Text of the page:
Mica: Dem attacks on highway bill proposal are 'disappointing'

The Republican chairman of the House Transportation and Infrastructure Committee chided Democrats for criticizing his proposal for a new surface transportation bill Monday, saying it was too important for partisan attacks.

Rep. John Mica (R-Fla.), who unveiled a proposal for a six-year, $230 billion highway bill last week, said his plan was the result of "bipartisan hearings and meetings across the country" and the best way to utilize the dollars in the trust fund that pays for the measure.

Democrats sharply disagreed last week, criticizing Mica for not including them in drafting the bill and arguing the plan did not authorize enough spending to spur the stagnant economy. Mica's counterpart on the panel, Rep. Nick RahallNick RahallLikely W.Va. Senate GOP rivals spar in radio appearances West Virginia is no longer Clinton country Solution needed: Rail congestion is stifling economic growth MORE (D-W.Va.), called it "the Republican road to ruin."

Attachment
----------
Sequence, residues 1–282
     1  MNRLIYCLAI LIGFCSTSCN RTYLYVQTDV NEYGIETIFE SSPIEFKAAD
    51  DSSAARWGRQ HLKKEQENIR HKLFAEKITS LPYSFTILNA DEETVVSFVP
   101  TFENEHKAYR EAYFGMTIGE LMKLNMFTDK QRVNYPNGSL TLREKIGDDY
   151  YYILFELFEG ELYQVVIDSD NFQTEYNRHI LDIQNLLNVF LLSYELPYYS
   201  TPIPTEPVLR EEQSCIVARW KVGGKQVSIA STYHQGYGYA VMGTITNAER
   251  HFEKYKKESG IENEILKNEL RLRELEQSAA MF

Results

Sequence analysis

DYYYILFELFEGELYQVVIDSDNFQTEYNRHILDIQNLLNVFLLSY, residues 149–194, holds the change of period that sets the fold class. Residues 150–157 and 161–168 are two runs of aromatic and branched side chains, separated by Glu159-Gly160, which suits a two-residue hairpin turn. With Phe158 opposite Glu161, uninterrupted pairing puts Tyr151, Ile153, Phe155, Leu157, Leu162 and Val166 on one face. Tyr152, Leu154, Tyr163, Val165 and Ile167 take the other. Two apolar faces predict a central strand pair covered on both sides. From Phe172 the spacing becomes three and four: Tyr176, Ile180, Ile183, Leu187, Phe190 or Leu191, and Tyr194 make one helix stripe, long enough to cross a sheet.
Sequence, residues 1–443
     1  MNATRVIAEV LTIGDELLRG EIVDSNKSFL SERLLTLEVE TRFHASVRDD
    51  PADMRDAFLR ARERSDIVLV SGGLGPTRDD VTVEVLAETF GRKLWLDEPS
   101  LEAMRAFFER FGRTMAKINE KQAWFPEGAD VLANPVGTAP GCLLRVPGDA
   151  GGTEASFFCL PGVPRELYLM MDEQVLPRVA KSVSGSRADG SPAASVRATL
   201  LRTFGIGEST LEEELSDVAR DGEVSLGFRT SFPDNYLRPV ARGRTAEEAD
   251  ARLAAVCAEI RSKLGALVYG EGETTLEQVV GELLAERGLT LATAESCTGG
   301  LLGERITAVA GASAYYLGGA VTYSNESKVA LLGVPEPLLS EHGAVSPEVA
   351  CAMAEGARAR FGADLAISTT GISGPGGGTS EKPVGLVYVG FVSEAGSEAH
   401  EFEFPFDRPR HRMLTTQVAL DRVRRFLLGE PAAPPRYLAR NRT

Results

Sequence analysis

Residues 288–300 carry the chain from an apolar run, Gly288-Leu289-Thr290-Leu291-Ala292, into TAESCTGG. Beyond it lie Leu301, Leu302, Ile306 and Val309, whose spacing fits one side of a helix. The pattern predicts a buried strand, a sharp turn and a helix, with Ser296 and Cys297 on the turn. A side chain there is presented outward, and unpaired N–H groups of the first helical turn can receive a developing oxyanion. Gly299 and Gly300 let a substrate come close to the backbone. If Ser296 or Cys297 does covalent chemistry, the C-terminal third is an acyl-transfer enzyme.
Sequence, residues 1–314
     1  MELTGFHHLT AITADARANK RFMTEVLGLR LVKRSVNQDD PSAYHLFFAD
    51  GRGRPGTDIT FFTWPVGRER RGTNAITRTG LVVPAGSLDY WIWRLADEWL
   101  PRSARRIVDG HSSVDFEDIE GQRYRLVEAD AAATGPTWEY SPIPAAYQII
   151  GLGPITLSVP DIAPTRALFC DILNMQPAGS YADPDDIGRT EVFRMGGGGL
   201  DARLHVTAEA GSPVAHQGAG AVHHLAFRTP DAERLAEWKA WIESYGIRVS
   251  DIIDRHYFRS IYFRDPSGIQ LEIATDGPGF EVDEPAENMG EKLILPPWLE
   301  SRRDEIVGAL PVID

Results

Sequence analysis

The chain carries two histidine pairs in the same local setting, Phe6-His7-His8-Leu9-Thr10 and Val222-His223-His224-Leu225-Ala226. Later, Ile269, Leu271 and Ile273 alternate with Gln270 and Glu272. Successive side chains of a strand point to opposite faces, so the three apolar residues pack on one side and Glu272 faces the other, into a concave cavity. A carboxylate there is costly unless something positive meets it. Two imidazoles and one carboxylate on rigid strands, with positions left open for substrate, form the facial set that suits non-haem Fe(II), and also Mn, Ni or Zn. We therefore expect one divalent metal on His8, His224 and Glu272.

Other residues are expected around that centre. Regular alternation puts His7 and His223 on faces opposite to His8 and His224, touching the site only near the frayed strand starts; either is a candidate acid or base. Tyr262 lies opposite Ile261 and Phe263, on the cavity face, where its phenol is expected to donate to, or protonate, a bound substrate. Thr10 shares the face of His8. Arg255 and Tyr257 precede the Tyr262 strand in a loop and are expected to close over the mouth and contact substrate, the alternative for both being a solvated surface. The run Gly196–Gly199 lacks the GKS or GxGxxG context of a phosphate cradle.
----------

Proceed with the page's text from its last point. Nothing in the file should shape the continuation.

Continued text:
Mica said Monday he was sad to see that kind of rhetoric about the transportation bill.

"It is disappointing and sad that some Democrats have launched a personal and partisan attack on the Republican proposal for a six-year transportation reauthorization," Mica said in a statement released by his office. "The outline responsibly presents how we can dramatically leverage Highway Trust Fund dollars within the current spending rules and restrictions imposed by the House-adopted budget."

Mica defended his proposal, saying, "Anyone who takes time to evaluate the proposals outlined will realize that they can ensure that even more transportation projects will move forward, the trust fund will be preserved, and significant job creation over a six-year period will result.

“Even though there may be disagreement at this time, for the sake of our nation we must act in a positive manner to move this legislation forward as soon as possible," he said.

The Senate has proposed a two-year, $109 billion transportation bill.

Both numbers are far below the $556 billion, six-year bill that had been proposed by President Obama.